# Starting letters of equivalent infinite geodesic paths of hyperbolic Coxeter groups

Let $$\left(W\text{, }S\right)$$ be a Gromov hyperbolic Coxeter system and denote by $$\partial W$$ the corresponding Gromov boundary. For $$z\in\partial W$$ let $$\alpha$$, $$\beta$$ be infinite geodesic paths with $$z=\left[\alpha\right]=\left[\beta\right]$$ and assume that there exists $$w\in W$$ such that $$\left|w^{-1}\alpha_{n}\right|=\left|\alpha_{n}\right|-\left|w\right|$$ for all large enough $$n$$ (i.e. $$\alpha_n$$ starts with $$w$$). Here $$\left|\cdot\right|$$ denotes the word metric on $$W$$ regarding the generating set $$S$$. Is it true that then $$\left|w^{-1}\beta_{n}\right|=\left|\beta_{n}\right|-\left|w\right|$$ for all large enough $$n$$? My intuition for the Gromov boundary is not well-developed yet, so intuitively I would say yes. However, I doubt this is true for general hyperbolic groups.

• Beware that "hyperbolic Coxeter groups" usually denotes a proper subclass of the class of Gromov-hyperbolic Coxeter groups, so it would be useful if you are more specific. – YCor Aug 13 at 14:49
• I mean Gromov hyperbolic Coxeter groups. Thanks for the remark! – worldreporter14 Aug 13 at 16:13
• Did you try the infinite dihedral group? – Mark Sapir Aug 13 at 17:47
• I guess the infinite paths start at $1$, and $[\cdot]$ means the limit point, in which case there is no problem with $D_\infty$. – YCor Aug 13 at 19:19

This is false. The archetypical family of hyperbolic Coxeter groups are the hyperbolic triangle groups $$T(l,m,n) = \langle a,b,c \mid a^2=b^2=c^2=(ab)^l=(bc)^m=(ca)^n=1\rangle$$ where $$l,m,n\geq 2$$ and $$(1/l)+(1/m)+(1/n)<1$$. Such a group acts as a group of symmetries of a tiling of the hyperbolic plane by congruent triangles with angles of $$\pi/l$$, $$\pi/m$$, and $$\pi/n$$. Here are some basic facts about these groups:

• If we choose a base triangle $$T_0$$ (a.k.a. the "fundamental chamber"), then each triangle of the tiling can be expressed uniquely as $$gT_0$$ for some $$g\in T(l,m,n)$$.

• As such, the (right) Cayley graph of $$T(l,m,n)$$ is precisely the dual graph to the triangular tiling, with the identity vertex lying in the triangle $$T_0$$.

• The triangular tiling can be obtained by cutting the hyperbolic plane along a countable family of hyperbolic lines. A path of edges in the Cayley graph is a geodesic if and only if it crosses each line of the tiling at most one time.

• The Gromov boundary $$\partial T(l,m,n)$$ is the circle $$S^1$$, which can naturally be identified with the boundary circle of the hyperbolic plane. An infinite geodesic path in the Cayley graph represents a point on the boundary if and only if it converges to that point in the closed unit disk.

Now, let $$L$$ be the hyperbolic line that separates $$T_0$$ from $$aT_0$$, let $$z$$ be an endpoint of $$L$$ on the boundary circle, and consider the following two geodesic paths in the Cayley graph:

• The path $$\alpha$$ that goes from $$T_0$$ to $$aT_0$$, and then "follows along" $$L$$ in the direction of $$z$$.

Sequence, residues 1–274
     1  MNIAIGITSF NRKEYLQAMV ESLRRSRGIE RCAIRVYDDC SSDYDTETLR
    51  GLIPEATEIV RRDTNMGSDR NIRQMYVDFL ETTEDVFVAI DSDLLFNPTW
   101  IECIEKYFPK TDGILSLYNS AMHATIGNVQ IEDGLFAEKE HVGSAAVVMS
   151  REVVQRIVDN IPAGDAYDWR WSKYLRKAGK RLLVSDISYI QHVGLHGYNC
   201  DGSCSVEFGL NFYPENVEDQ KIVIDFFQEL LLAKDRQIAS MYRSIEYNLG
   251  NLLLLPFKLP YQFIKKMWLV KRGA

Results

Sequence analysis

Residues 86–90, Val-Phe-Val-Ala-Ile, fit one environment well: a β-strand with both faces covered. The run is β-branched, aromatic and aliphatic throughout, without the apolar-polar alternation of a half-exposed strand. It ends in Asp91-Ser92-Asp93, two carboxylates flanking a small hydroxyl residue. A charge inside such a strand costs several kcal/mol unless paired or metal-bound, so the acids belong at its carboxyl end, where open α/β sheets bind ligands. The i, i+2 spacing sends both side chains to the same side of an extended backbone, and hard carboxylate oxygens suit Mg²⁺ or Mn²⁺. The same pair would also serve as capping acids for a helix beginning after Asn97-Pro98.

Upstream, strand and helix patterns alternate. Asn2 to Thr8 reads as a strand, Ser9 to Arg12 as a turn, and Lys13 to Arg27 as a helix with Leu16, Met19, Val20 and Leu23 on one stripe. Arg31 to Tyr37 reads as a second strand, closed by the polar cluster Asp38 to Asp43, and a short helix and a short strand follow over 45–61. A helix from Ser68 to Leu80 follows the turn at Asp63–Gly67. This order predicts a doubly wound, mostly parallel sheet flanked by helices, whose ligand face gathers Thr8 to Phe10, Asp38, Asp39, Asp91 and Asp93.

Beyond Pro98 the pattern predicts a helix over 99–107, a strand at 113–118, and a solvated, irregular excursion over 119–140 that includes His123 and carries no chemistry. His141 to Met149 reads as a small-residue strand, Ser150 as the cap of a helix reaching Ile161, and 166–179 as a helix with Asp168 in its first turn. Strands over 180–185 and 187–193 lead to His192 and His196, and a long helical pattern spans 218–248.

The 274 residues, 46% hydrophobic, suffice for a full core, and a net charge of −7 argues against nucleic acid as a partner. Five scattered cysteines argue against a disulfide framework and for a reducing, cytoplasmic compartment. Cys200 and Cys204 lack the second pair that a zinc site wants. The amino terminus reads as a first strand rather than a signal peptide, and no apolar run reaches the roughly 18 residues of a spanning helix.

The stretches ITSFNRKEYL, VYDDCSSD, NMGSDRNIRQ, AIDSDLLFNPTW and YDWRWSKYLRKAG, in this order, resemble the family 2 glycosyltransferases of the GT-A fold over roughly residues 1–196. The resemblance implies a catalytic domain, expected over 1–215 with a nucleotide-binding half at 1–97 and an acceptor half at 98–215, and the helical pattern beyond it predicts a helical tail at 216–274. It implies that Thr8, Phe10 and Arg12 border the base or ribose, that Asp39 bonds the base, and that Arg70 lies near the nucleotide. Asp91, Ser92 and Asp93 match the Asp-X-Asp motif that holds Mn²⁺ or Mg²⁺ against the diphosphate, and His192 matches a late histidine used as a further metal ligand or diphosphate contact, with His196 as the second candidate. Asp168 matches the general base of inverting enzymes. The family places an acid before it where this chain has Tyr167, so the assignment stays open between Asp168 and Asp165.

• The path $$\beta$$ that starts at $$T_0$$ and "follows along" $$L$$ in the direction of $$z$$.

To be precise, $$\beta$$ is the path in the Cayley graph corresponding to the sequence of triangles passed through by the hyperbolic ray from the identity vertex to $$z$$, and $$\alpha$$ consists of the dual edge from $$T_0$$ to $$aT_0$$ followed by the reflection of $$\beta$$ across $$L$$. Then $$[\alpha]=[\beta]=z$$, but $$\alpha$$ starts with $$a$$ and $$\beta$$ does not.

Edit: Part of the reason I chose the above example was to convey some intuition for hyperbolic Coxeter groups. However, there are simpler examples available. For example, consider the group $$G = \langle a,b,c \mid a^2=b^2=c^2=(ab)^2=(ac)^2=1\rangle$$ This is the direct product of $$\mathbb{Z}_2$$ with the infinite dihedral group $$\mathbb{Z}_2*\mathbb{Z}_2$$, and its Cayley graph is a bi-infinite "ladder" with $$a$$ edges as rungs and alternating $$b$$ and $$c$$ edges along the sides. This group is Gromov hyperbolic since it's virtually cyclic (making it an "elementary" hyperbolic group), and the Gromov boundary $$\partial G$$ is a two-point set corresponding to the two ends of the ladder.

Now, if $$\alpha$$ is the geodesic path corresponding to the infinite word $$a(bc)^\infty = abcbcbc\cdots$$ and $$\beta$$ is the infinite path corresponding to $$(bc)^\infty$$, then $$[\alpha]=[\beta]$$ since the two paths go the same direction on the ladder, but $$\alpha$$ starts with $$a$$ and $$\beta$$ does not.

• Thank you for your great answer! Is it possible that at least in the right-angled, irreducible case my question has a positive answer? – worldreporter14 Aug 14 at 6:18
• The group $G$ given at the end above corresponds to the right-angled Coxeter group $W_\Gamma$ for which $\Gamma$ is a path of length two. More generally, if $\Gamma$ is any graph which has a path of length two as an induced subgraph, then $W_\Gamma$ will have $G$ as an isometrically embedded subgroup, and the same phenomenon will occur. For example, $\mathbb{Z}_2* G$ is hyperbolic and irreducible (not a direct product -- I'm assuming that's what you mean by "irreducible") , and its Cayley graph has the Cayley graph of $G$ as an isometrically embedded subgraph. – Jim Belk Aug 14 at 10:41
• (continued) Indeed, it is not hard to show that any graph $\Gamma$ which does not have a path of length two as an isometrically embedded subgraph must be a disjoint union of complete graphs. It follows that a Gromov hyperbolic, right-angled Coxeter group $W_\Gamma$ has the property you want if and only if it is a free product of finite groups. – Jim Belk Aug 14 at 10:49
• Thank you very much! – worldreporter14 Aug 14 at 13:02
• Note: In my previous comment, "path of length two as an isometrically embedded subgraph" should be "path of length two as an induced subgraph". – Jim Belk Aug 14 at 18:21